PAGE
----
(bring up = start talking about a particular subject)

     Please can you fill this form in?
(fill in = write information in a form or document)

     I'll pick you up from the station at 8 p.m.
(pick up = collect someone in a car or other vehicle to take them somewhere)

     She turned the job down because she didn't want to move to Glasgow.
(turn down = to not accept an offer)


     Some phrasal verbs cannot be separated.

     Who looks after the baby when you're at work?

     Even when there is a personal pronoun, the verb and particle remain together.

     Who looks after her when you're at work?

     Here are some common non-separable phrasal verbs:

     came across your email when I was clearing my inbox.
(come across = to find something by chance)

     The caterpillar turned into a beautiful butterfly.
(turn into = become)

     It was quite a major operation. It took months to get over it and feel normal again.
(get over = recover from something)

     We are aware of the problem and we are looking into it.
(look into = investigate)

     Some multi-word verbs are inseparable simply because they don't take an object.

     get up at 7 a.m.


     Phrasal verbs with two particles are also inseparable. Even if you use a personal pronoun, you put it after the particles.

     Who came up with that idea?
(come up with = think of an idea or plan)

     Let's get rid of these old magazines to make more space.
(get rid of = remove or become free of something that you don't want)

     I didn't really get on with my stepbrother when I was a teenager.
(get on with = like and be friendly towards someone)

     Can you hear that noise all the time? I don't know how you put up with it.
(put up with = tolerate something difficult or annoying)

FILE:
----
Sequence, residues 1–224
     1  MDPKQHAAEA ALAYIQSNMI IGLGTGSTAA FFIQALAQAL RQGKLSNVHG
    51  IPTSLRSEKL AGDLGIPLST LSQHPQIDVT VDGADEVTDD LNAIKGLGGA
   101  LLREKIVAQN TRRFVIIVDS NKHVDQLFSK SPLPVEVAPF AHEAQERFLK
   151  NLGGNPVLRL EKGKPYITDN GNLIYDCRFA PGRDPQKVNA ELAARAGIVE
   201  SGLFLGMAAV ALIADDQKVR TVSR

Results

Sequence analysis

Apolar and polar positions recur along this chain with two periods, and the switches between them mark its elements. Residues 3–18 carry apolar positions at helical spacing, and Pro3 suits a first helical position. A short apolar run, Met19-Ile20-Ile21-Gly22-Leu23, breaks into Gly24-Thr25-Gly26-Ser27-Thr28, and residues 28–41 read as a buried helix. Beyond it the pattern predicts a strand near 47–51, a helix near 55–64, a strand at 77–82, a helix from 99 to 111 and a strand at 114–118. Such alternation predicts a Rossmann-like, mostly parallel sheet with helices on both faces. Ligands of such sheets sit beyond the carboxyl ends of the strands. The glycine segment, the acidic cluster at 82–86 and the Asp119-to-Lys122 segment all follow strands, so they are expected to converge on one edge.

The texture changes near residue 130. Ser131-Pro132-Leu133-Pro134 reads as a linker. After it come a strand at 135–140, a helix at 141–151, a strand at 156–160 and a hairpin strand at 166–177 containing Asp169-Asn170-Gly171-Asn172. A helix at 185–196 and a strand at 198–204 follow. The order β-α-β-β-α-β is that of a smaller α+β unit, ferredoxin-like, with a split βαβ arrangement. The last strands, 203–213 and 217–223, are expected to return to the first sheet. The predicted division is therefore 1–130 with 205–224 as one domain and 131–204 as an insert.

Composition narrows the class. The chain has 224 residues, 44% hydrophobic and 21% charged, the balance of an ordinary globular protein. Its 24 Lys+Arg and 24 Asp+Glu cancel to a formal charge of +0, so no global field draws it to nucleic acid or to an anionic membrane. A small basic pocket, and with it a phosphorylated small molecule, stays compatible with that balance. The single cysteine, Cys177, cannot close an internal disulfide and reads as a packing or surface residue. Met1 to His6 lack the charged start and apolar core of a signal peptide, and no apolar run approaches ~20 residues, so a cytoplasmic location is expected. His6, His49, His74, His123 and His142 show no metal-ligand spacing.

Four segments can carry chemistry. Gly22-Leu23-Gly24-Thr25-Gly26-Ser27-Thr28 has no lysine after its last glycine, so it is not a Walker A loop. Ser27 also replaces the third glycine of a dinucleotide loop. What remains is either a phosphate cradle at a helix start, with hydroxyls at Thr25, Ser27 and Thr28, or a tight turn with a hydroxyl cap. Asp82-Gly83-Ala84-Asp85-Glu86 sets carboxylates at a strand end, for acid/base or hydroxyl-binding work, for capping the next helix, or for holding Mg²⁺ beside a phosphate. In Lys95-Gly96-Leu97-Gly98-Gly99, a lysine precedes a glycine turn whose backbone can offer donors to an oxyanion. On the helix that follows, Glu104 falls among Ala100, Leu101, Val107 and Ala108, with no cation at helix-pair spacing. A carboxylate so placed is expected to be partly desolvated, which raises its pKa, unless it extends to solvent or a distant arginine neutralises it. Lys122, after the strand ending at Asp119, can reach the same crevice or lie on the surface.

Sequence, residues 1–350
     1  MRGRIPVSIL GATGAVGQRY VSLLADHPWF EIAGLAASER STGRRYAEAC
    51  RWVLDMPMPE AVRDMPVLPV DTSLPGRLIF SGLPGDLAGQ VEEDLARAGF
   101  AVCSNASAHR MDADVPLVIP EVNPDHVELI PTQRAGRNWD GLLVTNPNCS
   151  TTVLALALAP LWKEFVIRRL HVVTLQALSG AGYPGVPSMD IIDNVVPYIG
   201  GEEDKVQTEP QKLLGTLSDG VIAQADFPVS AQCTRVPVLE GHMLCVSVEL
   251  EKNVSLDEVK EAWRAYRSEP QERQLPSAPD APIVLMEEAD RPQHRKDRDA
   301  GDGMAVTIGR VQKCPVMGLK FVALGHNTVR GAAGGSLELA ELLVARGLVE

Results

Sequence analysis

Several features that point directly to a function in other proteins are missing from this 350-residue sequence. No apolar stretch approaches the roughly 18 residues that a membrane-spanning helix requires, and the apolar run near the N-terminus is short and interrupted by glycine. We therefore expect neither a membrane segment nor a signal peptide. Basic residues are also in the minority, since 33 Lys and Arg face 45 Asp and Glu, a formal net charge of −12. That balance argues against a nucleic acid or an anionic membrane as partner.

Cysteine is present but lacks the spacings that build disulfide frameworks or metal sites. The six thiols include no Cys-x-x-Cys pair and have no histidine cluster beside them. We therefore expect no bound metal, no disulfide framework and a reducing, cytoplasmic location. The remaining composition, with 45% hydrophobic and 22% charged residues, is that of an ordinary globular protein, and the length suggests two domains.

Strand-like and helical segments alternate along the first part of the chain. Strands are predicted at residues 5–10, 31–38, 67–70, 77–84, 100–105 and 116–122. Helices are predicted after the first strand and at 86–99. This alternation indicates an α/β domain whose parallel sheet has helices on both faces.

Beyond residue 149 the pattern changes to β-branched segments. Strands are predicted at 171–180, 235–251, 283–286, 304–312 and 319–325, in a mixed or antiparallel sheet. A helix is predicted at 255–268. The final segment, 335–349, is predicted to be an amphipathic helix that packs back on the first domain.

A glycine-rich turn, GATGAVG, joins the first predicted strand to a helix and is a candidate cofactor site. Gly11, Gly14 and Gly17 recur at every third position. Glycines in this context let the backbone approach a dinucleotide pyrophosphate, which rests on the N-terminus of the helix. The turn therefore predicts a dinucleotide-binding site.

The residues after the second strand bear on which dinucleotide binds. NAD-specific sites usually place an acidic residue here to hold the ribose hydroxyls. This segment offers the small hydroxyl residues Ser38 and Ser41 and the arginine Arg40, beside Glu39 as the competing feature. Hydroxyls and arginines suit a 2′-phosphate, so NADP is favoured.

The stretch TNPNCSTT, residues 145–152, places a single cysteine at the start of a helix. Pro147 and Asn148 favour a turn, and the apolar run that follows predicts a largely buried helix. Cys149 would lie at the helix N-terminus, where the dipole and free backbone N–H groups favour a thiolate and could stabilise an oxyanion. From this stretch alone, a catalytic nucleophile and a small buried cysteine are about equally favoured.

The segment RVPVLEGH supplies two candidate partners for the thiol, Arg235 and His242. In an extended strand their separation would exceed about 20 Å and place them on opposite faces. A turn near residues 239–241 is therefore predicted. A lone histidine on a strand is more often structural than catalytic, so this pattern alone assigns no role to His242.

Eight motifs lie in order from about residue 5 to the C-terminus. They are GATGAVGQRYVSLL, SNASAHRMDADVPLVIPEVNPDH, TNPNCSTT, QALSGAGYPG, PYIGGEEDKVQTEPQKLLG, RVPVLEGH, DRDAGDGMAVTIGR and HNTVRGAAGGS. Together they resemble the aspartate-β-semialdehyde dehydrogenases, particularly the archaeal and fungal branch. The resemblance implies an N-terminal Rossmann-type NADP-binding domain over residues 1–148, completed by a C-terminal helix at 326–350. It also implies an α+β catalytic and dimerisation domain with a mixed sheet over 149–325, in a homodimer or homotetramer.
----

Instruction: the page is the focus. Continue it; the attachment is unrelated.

The concert's on Friday. I'm really looking forward to it.
(look forward to = be happy and excited about something that is going to happen)




his boss.



well with


This table is completely broken. Let’s





at 6 p.m.


you can


Sita called to ask if




a desert

Whole area

If climate change continuous, this

to get



I am heartbroken. How long will it take

When my parents are on holiday, I



the cat





The invitation to their wedding. I     


     He gets on really well with his boss.

     This table is completely broken. Let's get rid of it.

     Sita called to ask if you can pick her up at 6 p.m.

     If climate change continues, this whole area could turn into a desert.

     I am heartbroken. How long will it take to get over this?

     When my parents are on holiday, I look after the cat.

     The invitation to their wedding, I politely turned it down.


Works Cited

Abdi, Neya. “10 Common Phrasal Verbs You'll Likely Hear In The Workplace.” Talaera Blog, 7 January 2022, Accessed 26 September 2023.

“Idioms and Phrasal Verbs.” Oxford School of English Delhi, 18 February 2023, Accessed 26 September 2023.

Moore, Kirk. “Phrasal verbs | LearnEnglish.” British Council, Accessed 26 September 2023.